GLOBAL CARBON FOOTPRINT

July 17, 2012


 If you have read any of my previous posting you know that I really am NOT a “tree-hugger” but I do have a great respect for our environment.  I really do!  With this being the case let’s take a very brief look.

NOTE:  The information presented by this document is derived from the following Sources:

  • Point Carbon, a Thomson Reuters Company, from seminar “Advanced Course in Carbon Markets”,   Los Angeles, September 20, 2011.
  • Union of Concerned Scientists,  2 Brattle Square, Cambridge, Ma., 
  • Science Daily, “Carbon Dioxide Emissions from Power Plants Rated Worldwide”, November  14, 2007

The data now supports the fact that our planet is undergoing fairly rapid global warming.  There are still some questions as to whether or not that warming is cyclic and based primarily upon activity from our sun or if mankind is the major contributor.  We would represent the cause relative to the effect.   Here is what we do know:

  • Greenhouse gases (CO2, CH4 ***) trap heat in the atmosphere.
  • Atmospheric CO2 content is rising each year.
  • Human activity is the main driver. (NOTE:  This is the opinion of Point Carbon and they do have data to back this up.  There are scientists world wide that feel this global warming is cyclic and human interaction is minimal relative to solar activity. )
GREENHOUSE GASES:  THE KYOTO SIX
     

NAME

ABBREVIATION

 GLOBAL WARMING                POTENTIAL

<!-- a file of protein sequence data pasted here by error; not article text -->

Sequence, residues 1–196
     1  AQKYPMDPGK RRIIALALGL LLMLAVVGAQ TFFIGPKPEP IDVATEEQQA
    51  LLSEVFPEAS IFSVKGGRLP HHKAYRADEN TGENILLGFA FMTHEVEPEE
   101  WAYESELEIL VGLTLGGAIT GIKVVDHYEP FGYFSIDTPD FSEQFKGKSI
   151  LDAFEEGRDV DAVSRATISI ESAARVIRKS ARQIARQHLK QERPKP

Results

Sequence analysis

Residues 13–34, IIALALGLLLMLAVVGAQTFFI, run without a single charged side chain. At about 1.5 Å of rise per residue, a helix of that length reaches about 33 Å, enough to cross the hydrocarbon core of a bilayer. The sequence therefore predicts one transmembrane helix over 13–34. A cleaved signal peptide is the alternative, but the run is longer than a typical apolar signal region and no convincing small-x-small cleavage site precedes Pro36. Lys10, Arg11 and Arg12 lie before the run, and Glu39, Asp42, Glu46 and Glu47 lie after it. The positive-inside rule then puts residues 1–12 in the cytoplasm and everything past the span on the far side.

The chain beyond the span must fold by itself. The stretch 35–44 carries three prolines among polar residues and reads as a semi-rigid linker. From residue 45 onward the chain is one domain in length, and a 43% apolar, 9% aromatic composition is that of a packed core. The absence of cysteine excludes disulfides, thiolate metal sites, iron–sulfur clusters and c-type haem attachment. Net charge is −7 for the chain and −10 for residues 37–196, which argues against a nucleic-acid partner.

CABRON DIOXIDE

CO(2)

1

METHANE

CH(4)

21

    NITROUS OXIDE

N(2)O

310

HYDROFLUOROCARBONS

 HFC

140–11,700

PERFLUOROCARBONS

PFC

7,000

SULFUR HEXAFLUORIDE

SF6

23,900

     
 SOURCE:  POINT CARBON    
  • It is an established fact that two categories representing the greatest emissions for CO(2) are 1.) Power Plants and 2.) Transportation.  Power plants are by far the greatest source of CO(2) on a global basis. Let’s now take a look at CO(2) emissions on a global basis and then relative to our country  total, by state and then relative to each emitter.

A.)    From the Union of Concerned Scientists: 2012

       
 

Country

Total Emissions

Per Capita Emissions (Tons/Capita)

(Million Metric Tons of CO2)

1 China

6534

4.91

2 United States

5833

19.18

3 Russia

1729

12.29

4 India

1495

1.31

5 Japan

1214

9.54

6 Germany

829

10.06

7 Canada

574

17.27

8 United Kingdom

572

9.38

9 Korea, South

542

11.21

10 Iran

511

7.76

11 Saudi Arabia

466

16.56

12 Italy

455

7.82

13 South Africa

451

9.25

14 Mexico

445

4.04

15 Australia

437

20.82

16 Indonesia

434

1.83

17 Brazil

428

2.18

18 France

415

6.48

19 Spain

359

8.86

20 Ukraine

350

7.61

 

B.)     In looking at the top CO(2) emitters by company, we see the following: